In Virginia’s zone 7b, I could leave most of my container plants outside all winter. Rake some leaves over pots in a sheltered corner and they’re good till spring. It’s definitely NOT what you want to do where I live in New Hampshire…. zone 5b. I tried my southern method last winter and lost all plants and the pots. I don’t have too many container plants yet as I’m still designing my small landscape… one that involves the removal of trees, a decision made by the residents in our association. Next year I may have an all sun garden and my landscape plan will change accordingly.
My favorite container I designed this summer is a variety of sedum… some bought, some bits being swept up and discarded after cleaning up around plants at work. They’re the easiest plants to root so I threw tiny leaves into the pot when I arrived home from the garden center. Most flourished. Some grew too much and had to be transplanted to the ground.
They eventually merged into one another, blending yellows, greens, reds, and blues. They grew tall. They cascaded over the pot. It was a showstopper and I want to save it. So, today, into the unheated garage the pot has gone. Sitting in the light of a window, I’ll hope for the best for this blend of magic so it can again shine for me next summer.
Click to enlarge photos.
It’s been just over a year since we experienced a severe heat wave in Tidewater when temperatures topped 106˚ for several days in a row. I survived only because I could escape to the comfort of the home but the garden suffered greatly. Water wasn’t enough to help in some cases. The worst casualty was a section of a bed of juniper (Juniperus c. ‘Blue Pacific‘) that endured the baking sun from sunrise to sunset.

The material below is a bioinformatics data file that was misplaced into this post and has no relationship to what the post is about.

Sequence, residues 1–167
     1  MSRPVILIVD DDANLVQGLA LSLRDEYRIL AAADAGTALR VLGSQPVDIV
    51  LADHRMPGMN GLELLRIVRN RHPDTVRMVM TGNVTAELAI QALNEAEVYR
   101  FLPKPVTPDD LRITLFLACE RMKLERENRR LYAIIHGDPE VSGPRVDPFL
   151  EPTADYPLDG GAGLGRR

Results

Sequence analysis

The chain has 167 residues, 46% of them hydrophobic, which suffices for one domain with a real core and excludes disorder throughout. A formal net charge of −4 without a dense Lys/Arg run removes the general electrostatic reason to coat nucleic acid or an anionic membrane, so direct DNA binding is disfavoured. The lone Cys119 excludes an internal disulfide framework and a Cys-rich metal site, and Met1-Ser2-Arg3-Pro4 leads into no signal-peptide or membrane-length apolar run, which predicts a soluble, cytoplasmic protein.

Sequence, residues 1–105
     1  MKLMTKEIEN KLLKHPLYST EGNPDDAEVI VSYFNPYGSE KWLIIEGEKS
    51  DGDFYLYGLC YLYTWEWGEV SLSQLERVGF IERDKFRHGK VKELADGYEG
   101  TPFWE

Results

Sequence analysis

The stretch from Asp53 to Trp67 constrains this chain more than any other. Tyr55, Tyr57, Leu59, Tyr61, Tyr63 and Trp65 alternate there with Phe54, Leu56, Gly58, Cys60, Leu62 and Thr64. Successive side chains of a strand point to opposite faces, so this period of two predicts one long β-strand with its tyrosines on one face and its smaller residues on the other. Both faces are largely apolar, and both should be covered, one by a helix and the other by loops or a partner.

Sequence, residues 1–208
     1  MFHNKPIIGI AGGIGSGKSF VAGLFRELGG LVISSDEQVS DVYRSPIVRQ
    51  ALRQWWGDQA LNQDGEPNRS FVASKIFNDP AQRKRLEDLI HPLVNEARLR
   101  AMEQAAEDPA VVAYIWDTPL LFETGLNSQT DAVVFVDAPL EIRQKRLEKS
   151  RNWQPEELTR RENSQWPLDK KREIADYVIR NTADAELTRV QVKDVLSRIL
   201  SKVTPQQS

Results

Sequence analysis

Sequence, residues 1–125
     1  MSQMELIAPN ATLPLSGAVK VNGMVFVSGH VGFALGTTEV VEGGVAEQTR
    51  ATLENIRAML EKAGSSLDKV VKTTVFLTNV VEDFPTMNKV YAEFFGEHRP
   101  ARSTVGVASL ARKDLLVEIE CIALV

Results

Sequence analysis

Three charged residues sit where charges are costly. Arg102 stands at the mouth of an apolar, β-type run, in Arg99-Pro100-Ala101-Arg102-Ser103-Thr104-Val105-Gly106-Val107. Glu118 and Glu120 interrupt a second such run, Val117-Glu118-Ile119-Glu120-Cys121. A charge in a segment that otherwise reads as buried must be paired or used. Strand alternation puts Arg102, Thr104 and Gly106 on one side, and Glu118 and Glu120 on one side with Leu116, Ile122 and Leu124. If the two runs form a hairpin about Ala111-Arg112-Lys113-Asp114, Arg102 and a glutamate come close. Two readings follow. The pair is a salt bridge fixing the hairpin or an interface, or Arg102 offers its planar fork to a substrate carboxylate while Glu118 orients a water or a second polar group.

Since I did not want to subject more junipers to this less than ideal location in the garden, I looked around for something else to fill the hot and dry bare spots. Sedum! Of course! Most sedums love the sun and will tolerate our coastal exposure. There are about 400 different species of sedum out there to choose from but I was attracted to Sedum ‘Gold Mound’ with its bright green needle-like foliage. It’s a low growing spreading sedum that will fill spaces around rocks or garden objects with soft mounds.
Gold Mound grows to about 8-10 inches tall and is relatively pest and disease free. This summer it spread gracefully around rocks, mingled beautifully with tuffs of grasses and has integrated with the surviving juniper creating contrasting shades of green. By the end of the summer, the sedum had snuggled into almost every crevice and was a focal point in this little garden. Garden objects and large rocks brought from other borders around the yard found their way to these bright green mounds, the happiest of whom is Peter who stands tall over the sedum welcoming visitors to the garden.
Ann Hohenberger, The Garden Club of Gloucester